- https://en.wikipedia.org/wiki/Tripitaka - also referred to as Tipiṭaka or Pali Canon, is the traditional term for the Buddhist scriptures. These are canonical texts revered as exclusively authoritative in Theravada Buddhism. The Mahayana Buddhism also reveres them as authoritative but, unlike Theravadins, it also reveres various derivative literature and commentaries that were composed much later.
- https://en.wikipedia.org/wiki/Gandhāran_Buddhist_Texts - the oldest Buddhist manuscripts yet discovered, dating from about the 1st century CE, including a Dhammapada, discourses of Buddha (for example the Rhinoceros Horn Sutra), Avadanas and Purvayogas, commentaries and Abhidharma texts. Dharmaguptaka sect.
- https://en.wikipedia.org/wiki/Sutta_Pitaka - or Sūtra Piṭaka, primary subject matter is the monastic rules for monks and nuns
- https://en.wikipedia.org/wiki/Āgama_(Buddhism) - a collection of Early Buddhist scriptures. The five āgamas together comprise the Sūtra Piṭaka of the early Buddhist schools
- https://en.wikipedia.org/wiki/Nikaya - There are five nikayas (collections) of suttas:
- https://en.wikipedia.org/wiki/Digha_Nikaya - the "long" discourses, includes The Greater Discourse on the Foundations of Mindfulness, The Fruits of the Contemplative Life, and The Buddha's Last Days. There are 34 long suttas in this nikaya.
- https://en.wikipedia.org/wiki/Majjhima_Nikaya - the "middle-length" discourses, includes Shorter Exposition of Kamma, Mindfulness of Breathing, and Mindfulness of the Body. There are 152 medium-length suttas in this nikaya.
- https://en.wikipedia.org/wiki/Samyutta_Nikaya - the "connected" discourses, according to one reckoning, 2,889, but according to the commentary 7,762, shorter suttas in this Nikaya.
- https://en.wikipedia.org/wiki/Dhammacakkappavattana_Sutta - "The Setting in Motion of the Wheel of Dharma", considered to be a record of the first teaching given by the Buddha after he attained enlightenment. The main topic of this sutta is the Four Noble Truths, which are the central teachings of Buddhism that provide a unifying theme, or conceptual framework, for all of Buddhist thought. This sutta also introduces the Buddhist concepts of the middle way, impermanence, and dependent origination.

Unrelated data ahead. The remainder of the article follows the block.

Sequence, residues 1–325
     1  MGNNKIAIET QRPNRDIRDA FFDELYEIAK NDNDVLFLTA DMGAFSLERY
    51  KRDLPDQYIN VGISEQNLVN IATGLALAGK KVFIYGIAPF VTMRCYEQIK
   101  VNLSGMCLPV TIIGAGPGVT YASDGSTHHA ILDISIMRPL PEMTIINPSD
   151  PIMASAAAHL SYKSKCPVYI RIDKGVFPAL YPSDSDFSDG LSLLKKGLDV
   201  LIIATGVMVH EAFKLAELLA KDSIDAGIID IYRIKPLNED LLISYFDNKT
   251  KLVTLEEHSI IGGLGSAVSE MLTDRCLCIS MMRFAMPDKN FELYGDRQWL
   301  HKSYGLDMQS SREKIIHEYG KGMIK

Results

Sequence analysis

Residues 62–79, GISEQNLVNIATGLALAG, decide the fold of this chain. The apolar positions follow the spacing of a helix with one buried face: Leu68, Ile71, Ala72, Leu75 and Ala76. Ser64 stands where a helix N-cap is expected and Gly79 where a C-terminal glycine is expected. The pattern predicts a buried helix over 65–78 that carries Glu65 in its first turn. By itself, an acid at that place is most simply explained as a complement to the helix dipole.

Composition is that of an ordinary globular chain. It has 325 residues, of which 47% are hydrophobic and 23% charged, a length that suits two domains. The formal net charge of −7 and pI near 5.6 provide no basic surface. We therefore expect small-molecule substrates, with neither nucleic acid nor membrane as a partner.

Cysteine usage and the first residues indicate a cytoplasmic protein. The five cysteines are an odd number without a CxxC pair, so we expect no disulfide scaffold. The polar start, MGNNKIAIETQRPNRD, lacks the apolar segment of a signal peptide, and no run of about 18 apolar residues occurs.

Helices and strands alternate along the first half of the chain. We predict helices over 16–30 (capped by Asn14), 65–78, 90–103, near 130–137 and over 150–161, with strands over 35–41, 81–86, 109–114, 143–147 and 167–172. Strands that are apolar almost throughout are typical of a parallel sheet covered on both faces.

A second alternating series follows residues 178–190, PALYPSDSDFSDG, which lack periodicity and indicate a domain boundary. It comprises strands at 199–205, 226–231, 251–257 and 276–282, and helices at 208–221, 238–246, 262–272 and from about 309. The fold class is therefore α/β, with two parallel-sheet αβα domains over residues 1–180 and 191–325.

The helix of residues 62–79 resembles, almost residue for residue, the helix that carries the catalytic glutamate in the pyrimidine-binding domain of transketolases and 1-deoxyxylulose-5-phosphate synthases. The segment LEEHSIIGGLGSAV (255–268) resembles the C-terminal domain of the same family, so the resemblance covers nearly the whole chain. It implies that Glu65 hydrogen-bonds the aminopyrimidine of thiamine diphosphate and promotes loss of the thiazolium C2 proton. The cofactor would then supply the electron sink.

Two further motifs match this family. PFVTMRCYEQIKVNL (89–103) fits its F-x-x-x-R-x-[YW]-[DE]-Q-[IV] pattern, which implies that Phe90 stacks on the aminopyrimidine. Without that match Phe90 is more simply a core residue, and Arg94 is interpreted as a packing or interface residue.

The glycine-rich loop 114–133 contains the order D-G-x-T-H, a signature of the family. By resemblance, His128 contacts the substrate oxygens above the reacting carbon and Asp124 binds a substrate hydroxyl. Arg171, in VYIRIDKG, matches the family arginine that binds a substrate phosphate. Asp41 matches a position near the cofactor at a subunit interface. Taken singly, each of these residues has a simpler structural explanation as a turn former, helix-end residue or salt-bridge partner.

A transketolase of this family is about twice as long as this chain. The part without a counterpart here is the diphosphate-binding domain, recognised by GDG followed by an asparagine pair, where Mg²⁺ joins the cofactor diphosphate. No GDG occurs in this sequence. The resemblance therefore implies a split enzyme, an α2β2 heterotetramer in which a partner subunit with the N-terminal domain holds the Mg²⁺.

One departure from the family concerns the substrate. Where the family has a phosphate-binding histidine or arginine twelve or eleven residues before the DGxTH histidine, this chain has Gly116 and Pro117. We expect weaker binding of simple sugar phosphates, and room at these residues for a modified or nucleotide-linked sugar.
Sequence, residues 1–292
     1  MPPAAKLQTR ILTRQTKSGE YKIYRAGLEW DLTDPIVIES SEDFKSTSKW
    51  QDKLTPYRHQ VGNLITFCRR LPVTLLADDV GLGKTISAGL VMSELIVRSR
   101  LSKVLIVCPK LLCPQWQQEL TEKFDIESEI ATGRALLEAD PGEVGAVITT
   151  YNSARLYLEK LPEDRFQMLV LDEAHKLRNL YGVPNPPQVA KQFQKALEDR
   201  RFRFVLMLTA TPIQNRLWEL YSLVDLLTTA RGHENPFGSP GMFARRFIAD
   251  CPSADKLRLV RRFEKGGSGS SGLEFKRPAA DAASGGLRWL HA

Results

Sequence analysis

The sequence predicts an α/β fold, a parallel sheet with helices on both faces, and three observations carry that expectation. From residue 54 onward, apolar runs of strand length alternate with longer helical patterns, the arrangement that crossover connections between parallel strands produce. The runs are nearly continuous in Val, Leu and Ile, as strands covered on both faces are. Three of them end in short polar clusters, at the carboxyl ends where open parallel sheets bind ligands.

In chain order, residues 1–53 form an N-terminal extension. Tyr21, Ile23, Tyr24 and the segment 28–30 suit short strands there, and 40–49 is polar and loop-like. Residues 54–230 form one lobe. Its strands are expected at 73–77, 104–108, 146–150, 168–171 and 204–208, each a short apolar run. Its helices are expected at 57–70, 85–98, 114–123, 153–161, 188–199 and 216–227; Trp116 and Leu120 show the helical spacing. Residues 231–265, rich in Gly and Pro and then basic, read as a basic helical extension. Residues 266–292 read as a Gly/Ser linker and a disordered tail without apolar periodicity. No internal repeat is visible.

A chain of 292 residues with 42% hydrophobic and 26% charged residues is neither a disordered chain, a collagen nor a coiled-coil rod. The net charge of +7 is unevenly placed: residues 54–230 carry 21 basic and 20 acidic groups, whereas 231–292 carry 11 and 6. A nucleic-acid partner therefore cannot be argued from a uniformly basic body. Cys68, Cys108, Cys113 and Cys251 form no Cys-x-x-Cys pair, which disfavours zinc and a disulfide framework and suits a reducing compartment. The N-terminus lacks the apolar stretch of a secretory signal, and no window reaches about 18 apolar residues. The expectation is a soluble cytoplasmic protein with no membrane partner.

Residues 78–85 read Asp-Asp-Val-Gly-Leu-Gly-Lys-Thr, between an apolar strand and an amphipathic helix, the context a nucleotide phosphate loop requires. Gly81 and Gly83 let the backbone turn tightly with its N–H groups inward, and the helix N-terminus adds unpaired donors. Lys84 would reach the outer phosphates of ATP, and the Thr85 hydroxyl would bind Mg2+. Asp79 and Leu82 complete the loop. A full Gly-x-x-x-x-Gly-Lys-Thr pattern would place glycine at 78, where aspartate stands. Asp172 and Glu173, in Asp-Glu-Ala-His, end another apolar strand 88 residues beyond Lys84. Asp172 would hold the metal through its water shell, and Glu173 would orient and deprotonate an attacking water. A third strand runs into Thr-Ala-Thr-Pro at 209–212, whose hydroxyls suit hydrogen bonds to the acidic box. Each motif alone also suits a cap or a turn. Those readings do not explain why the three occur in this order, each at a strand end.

- https://en.wikipedia.org/wiki/Anguttara_Nikaya - the "numerical" discourses, according to the commentary's reckoning, 9,565 short suttas grouped by number from ones to elevens.
- https://en.wikipedia.org/wiki/Khuddaka_Nikaya - the "minor collection", a heterogeneous mix of sermons, doctrines, and poetry attributed to the Buddha and his disciples. The contents vary somewhat between editions. The Thai edition includes 1-15 below, the Sinhalese edition 1-17 and the Burmese edition 1-18.
- https://en.wikipedia.org/wiki/Khuddakapatha - The collection is composed of the following nine discourses: "Going for Refuge" (Saranattayam), "Ten Precepts" (Dasasikkhapadam), "Thirty-two Parts [of the Body]" (Dvattimsakaro), "Novice's Questions" (Kumarapanha), "Discourse on Blessings" (Mangala Sutta), "Discourse on Treasures" (Ratana Sutta), "[Hungry Shades] Outside the Wall Chapter" (Tirokutta Sutta), "Reserve Fund Chapter" (Nidhikanda Sutta) and "Discourse on Lovingkindess" (Metta Sutta). The Khuddakapatha is considered a late addition to the Pali Canon, collecting discourses all but one of which is found elsewhere in the Pali Canon.